2 EpidemiologyThe incidence of appendectomy appears to be declining due to more accurate preoperative diagnosis.Despite newer imaging techniques, acute appendicitis can be very difficult to diagnose.
3 PathophysiologyAcute appendicitis is thought to begin with obstruction of the lumenObstruction can result from food matter, adhesions, or lymphoid hyperplasiaMucosal secretions continue to increase intraluminal pressure
4 PathophysiologyEventually the pressure exceeds capillary perfusion pressure and venous and lymphatic drainage are obstructed.With vascular compromise, epithelial mucosa breaks down and bacterial invasion by bowel flora occurs.
5 PathophysiologyIncreased pressure also leads to arterial stasis and tissue infarctionEnd result is perforation and spillage of infected appendiceal contents into the peritoneum
6 PathophysiologyInitial luminal distention triggers visceral afferent pain fibers, which enter at the 10th thoracic vertebral level.This pain is generally vague and poorly localized.Pain is typically felt in the periumbilical or epigastric area.
7 PathophysiologyAs inflammation continues, the serosa and adjacent structures become inflamedThis triggers somatic pain fibers, innervating the peritoneal structures.Typically causing pain in the RLQ
8 PathophysiologyThe change in stimulation form visceral to somatic pain fibers explains the classic migration of pain in the periumbilical area to the RLQ seen with acute appendicitis.
9 PathophysiologyExceptions exist in the classic presentation due to anatomic variability of the appendixAppendix can be retrocecal causing the pain to localize to the right flankIn pregnancy, the appendix ca be shifted and patients can present with RUQ pain
10 PathophysiologyIn some males, retroileal appendicitis can irritate the ureter and cause testicular pain.Pelvic appendix may irritate the bladder or rectum causing suprapubic pain, pain with urination, or feeling the need to defecateMultiple anatomic variations explain the difficulty in diagnosing appendicitis
11 History Primary symptom: abdominal pain ½ to 2/3 of patients have the classical presentationPain beginning in epigastrium or periumbilical area that is vague and hard to localize
12 HistoryAssociated symptoms: indigestion, discomfort, flatus, need to defecate, anorexia, nausea, vomitingAs the illness progresses RLQ localization typically occursRLQ pain was 81 % sensitive and 53% specific for diagnosis
13 HistoryMigration of pain from initial periumbilical to RLQ was 64% sensitive and 82% specificAnorexia is the most common of associated symptomsVomiting is more variable, occuring in about ½ of patients
14 Physical Exam Findings depend on duration of illness prior to exam. Early on patients may not have localized tendernessWith progression there is tenderness to deep palpation over McBurney’s point
15 Physical ExamMcBurney’s Point: just below the middle of a line connecting the umbilicus and the ASISRovsing’s: pain in RLQ with palpation to LLQRectal exam: pain can be most pronounced if the patient has pelvic appendix
16 Physical ExamAdditional components that may be helpful in diagnosis: rebound tenderness, voluntary guarding, muscular rigidity, tenderness on rectal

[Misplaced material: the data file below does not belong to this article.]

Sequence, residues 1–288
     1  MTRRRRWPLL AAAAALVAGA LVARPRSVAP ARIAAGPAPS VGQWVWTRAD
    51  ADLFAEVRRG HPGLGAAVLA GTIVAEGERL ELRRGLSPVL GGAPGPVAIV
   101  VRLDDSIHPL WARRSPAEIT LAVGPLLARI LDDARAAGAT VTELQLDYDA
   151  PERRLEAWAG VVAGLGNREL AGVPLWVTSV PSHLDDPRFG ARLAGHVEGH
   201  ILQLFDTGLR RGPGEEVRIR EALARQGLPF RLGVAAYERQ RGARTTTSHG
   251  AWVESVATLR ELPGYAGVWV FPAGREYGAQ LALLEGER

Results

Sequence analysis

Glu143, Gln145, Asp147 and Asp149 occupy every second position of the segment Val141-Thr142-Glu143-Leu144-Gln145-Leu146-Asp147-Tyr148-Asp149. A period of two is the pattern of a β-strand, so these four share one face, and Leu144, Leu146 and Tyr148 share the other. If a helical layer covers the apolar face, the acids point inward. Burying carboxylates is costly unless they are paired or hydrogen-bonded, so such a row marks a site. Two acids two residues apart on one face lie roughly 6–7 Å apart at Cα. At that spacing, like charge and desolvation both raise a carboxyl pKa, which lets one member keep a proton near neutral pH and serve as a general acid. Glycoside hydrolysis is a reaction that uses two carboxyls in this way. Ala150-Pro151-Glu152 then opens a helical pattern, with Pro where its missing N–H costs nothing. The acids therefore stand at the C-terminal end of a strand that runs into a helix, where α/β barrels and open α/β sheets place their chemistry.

17 Physical ExamPsoas sign: place patient in L lateral decubitus and extend R leg at the hip. If there is pain with this movement, then the sign is positive.Obturator sign: passively flex the R hip and knee and internally rotate the hip. If there is increased pain then the sign is positive
18 Physical Exam Fever: another late finding. At the onset of pain fever is usually not found.Temperatures >39 C are uncommon in first 24 h, but not uncommon after rupture
19 DiagnosisAcute appendicitis should be suspected in anyone with epigastric, periumbilical, right flank, or right sided abd pain who has not had an appendectomy
20 DiagnosisWomen of child bearing age need a pelvic exam and a pregnancy test.Additional studies: CBC, UA, imaging studies
21 Diagnosis CBC: the WBC is of limited value. Sensitivity of an elevated WBC is 70-90%, but specificity is very low.But, +predictive value of high WBC is 92% and –predictive value is 50%C-Reactive Protien CRP (independent surgical indication marker for appendicitis) and ESR have been studied with mixed results
22 Diagnosis UA: abnormal UA results are found in 19-40% Abnormalities include: pyuria, hematuria, bacteruriaPresence of >20 wbc per field should increase consideration of Urinary tract pathology
23 Diagnosis Imaging studies: include X-rays, US, CT Xrays of abd are abnormal in 24-95%Abnormal findings include: fecalith, appendiceal gas, localized paralytic ileu, and free airAbdominal xrays have limited use b/c the findings are seen in multiple other processes
24 DiagnosisGraded Compression US: reported sensitivity 94.7% and specificity 88.9%Basis of this technique is that normal bowel and appendix can be compressed whereas an inflamed appendix can not be compressed
25 DiagnosisLimitations of US: retrocecal appendix may not be visualized, perforations may be missed due to return to normal diameter
26 DiagnosisCT: best choice based on availability and alternative diagnoses.In one study, CT had greater sensitivity, accuracy, -predictive valueEven if appendix is not visualized, diagnose can be made with localized fat stranding in RLQ.
27 DiagnosisCT appears to change management decisions and decreases unnecessary appendectomies in women, but it is not as useful for changing management in men.
28 Special PopulationsVery young, very old, pregnant, and HIV patients present atypically and often have delayed diagnosisHigh index of suspicion is needed in the these groups to get an accurate diagnosis
29 Treatment Appendectomy is the standard of care Patients should be NPO, given IVF, and preoperative antibioticsAntibiotics are most effective when given preoperatively and they decrease post-op infections and abscess formation